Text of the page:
All Kinds of News for March 07, 2018
Selecting a voluntary young adult program typically involves a different level of client "buy-in" than with adolescent programs. Adults sign themselves in and out of care which affords them more "skin in the game", and at times can be a benefit to their treatment outcomes. A 2015 study in Norway demonstrated that program participants who had a voice in their own admissions process gained enhanced confidence in the program and in their ability to cope with life (Oslo, et. al.) Study participants noted that because of the "self-referral" process they were taken more seriously because in part they had exercised their own judgment in making the decision to engage in a particular type of treatment.
Onward Transitions is a non-residential, service-delivery program, and yet their admissions process involves some of the same tenets found on the American Residential Treatment Associations website (www.artausa.org) including client readiness and matching treatment with identified condition. The process for Onward Transitions however is notably different than with primary levels of care. "It's less like a psychiatric admission and more like the college selection process," says Co-Founder Darrell Fraize, M.Ed., LCPC, LADC. "We have some clear and strict rule outs, and we wind up rejecting probably five times as many clients as we do even begin the process with."
Psychiatric hospitalization typically occurs within a number of hours, whereas the Peterson's Guide to Four-Year Colleges coaches applicants to take months and even years to come to a decision. "An emerging adult who goes through our admissions process is essentially choosing a city -- Portland, Maine -- to likely spend the next year of their life. They are choosing us, and simultaneously and maybe more so choosing the draw and resources of the city itself. Along those lines, we become their best neighbors and resources to lean on as they work towards attaining their goals at this, their own chosen level of care," says Fraize.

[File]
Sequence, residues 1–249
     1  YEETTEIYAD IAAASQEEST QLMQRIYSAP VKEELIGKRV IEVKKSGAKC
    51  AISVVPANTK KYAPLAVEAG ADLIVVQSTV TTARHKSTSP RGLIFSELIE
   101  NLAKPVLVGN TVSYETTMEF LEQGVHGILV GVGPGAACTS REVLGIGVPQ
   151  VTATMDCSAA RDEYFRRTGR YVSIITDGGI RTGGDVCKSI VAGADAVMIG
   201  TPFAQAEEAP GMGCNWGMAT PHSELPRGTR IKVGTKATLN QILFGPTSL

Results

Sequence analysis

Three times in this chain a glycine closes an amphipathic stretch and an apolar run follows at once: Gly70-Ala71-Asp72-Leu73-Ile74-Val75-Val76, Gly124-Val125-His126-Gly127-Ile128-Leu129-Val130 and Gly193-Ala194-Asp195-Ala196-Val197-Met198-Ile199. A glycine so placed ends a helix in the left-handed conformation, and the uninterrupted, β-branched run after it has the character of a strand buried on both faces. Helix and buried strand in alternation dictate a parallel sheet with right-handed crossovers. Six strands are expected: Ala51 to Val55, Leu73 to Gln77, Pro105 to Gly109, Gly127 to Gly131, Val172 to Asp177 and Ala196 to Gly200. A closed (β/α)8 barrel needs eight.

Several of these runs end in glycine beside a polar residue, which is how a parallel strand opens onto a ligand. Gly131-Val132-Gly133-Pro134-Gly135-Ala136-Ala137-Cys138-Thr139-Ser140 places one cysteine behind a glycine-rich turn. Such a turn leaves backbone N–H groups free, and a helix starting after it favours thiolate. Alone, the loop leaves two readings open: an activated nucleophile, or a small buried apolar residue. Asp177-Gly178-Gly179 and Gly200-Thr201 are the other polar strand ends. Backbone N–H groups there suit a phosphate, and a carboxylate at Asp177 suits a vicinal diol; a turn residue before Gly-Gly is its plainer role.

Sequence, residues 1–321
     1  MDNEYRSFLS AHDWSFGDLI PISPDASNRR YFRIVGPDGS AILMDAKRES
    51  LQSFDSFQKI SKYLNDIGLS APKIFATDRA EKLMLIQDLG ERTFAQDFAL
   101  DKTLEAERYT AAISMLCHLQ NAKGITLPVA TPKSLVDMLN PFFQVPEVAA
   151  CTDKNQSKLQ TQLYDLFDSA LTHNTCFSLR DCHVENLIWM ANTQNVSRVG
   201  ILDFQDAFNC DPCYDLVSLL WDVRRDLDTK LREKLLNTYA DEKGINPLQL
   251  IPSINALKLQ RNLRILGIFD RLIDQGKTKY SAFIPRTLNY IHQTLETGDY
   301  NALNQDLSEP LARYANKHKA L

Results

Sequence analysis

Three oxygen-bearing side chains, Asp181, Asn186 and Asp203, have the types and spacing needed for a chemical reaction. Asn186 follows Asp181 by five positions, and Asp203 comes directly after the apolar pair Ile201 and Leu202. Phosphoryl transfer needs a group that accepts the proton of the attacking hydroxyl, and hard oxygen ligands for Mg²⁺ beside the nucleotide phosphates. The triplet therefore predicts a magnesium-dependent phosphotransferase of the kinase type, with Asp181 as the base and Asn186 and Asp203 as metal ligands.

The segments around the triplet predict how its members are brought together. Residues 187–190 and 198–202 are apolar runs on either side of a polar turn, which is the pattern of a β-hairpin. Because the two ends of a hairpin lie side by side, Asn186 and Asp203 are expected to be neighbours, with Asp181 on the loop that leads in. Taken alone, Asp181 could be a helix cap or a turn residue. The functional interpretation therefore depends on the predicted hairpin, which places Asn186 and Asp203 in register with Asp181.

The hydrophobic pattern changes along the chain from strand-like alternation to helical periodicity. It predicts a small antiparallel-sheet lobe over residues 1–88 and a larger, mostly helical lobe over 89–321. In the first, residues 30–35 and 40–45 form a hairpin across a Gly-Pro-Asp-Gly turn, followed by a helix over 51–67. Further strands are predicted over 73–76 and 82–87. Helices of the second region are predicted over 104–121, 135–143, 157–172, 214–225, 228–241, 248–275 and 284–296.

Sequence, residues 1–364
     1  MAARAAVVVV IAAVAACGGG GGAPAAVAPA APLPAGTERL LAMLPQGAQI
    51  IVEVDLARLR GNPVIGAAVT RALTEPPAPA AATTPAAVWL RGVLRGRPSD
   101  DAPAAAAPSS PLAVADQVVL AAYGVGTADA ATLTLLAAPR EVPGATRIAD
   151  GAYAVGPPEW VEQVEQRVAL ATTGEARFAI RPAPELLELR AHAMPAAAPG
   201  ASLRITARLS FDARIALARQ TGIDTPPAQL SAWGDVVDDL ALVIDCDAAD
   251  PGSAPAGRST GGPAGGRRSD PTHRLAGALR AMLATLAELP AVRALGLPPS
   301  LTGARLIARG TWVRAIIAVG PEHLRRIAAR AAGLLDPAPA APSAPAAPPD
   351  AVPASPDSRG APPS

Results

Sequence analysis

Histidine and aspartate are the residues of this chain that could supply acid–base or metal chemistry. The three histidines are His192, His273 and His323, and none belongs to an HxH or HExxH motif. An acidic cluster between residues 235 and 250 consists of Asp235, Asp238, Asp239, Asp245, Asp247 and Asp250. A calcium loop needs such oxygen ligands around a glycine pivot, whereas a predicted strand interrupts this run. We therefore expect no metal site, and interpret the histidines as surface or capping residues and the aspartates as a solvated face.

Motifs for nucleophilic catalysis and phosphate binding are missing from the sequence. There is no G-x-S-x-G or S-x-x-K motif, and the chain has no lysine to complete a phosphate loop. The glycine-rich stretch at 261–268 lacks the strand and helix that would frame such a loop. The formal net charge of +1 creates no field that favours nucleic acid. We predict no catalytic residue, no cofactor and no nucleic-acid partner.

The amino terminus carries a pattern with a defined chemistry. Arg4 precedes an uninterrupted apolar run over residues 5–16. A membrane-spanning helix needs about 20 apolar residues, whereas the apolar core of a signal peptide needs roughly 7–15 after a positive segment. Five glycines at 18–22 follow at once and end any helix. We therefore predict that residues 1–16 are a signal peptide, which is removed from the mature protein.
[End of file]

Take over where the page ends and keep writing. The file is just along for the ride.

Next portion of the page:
The admissions process at Onward Transitions includes:
Introductory, remote interviews with the applicant, applicant's family, referral source and prior treaters.
Completion of all admissions materials: releases of information, formal application, personal surveys, transcripts, discharge summaries, etc.
Co-creation of a working, extensive and functional treatment plan with the applicant, family and prior treaters.
On-site visit and interview of the applicant and family, and meeting with currently enrolled Onward Transitions emerging adult members.
Onward Transitions works with emerging adults who have mild to moderate anxiety, depression and executive functioning challenges. The emerging adult members of the program have two defining shared characteristics: they are kind and they are tolerant. Remaining within this distinction helps keep the community and culture free of a resource depletion scenario. "I can remember trying to provide group therapy to adolescents with conduct disorder early on in my residential treatment career. Coming out of graduate school, I knew what the research said, but the program just always did it that way," Fraize recalls. "It was a total drain on the system for clients, staff, everyone. If we admitted someone to Onward Transitions who was philosophically not tolerant of others, or had a characterological issue that really got in the way of their ability to be kind, it would really upset our apple cart. So we just don't do it. Our thorough admissions process really helps to not only inform us, but also to inform an applicant that they may need something different than what we have to offer. That's a win-win for everyone."
https://artausa.org/choosing-a-residential-mental-health-facility/ Oslo, et. al., International Journal of Mental Health Systems, 2016,
About Onward Transitions
Onward Transitions is a comprehensive, non-residential living service that supports emerging adults ages 18-29 living independently in the neighborhood of their choice in Portland, Maine. Our members choose and live in their own apartment from day one. They do not ever live with us. Members' challenges include anxiety, depression, executive functioning and meeting the requirements of moving towards independence.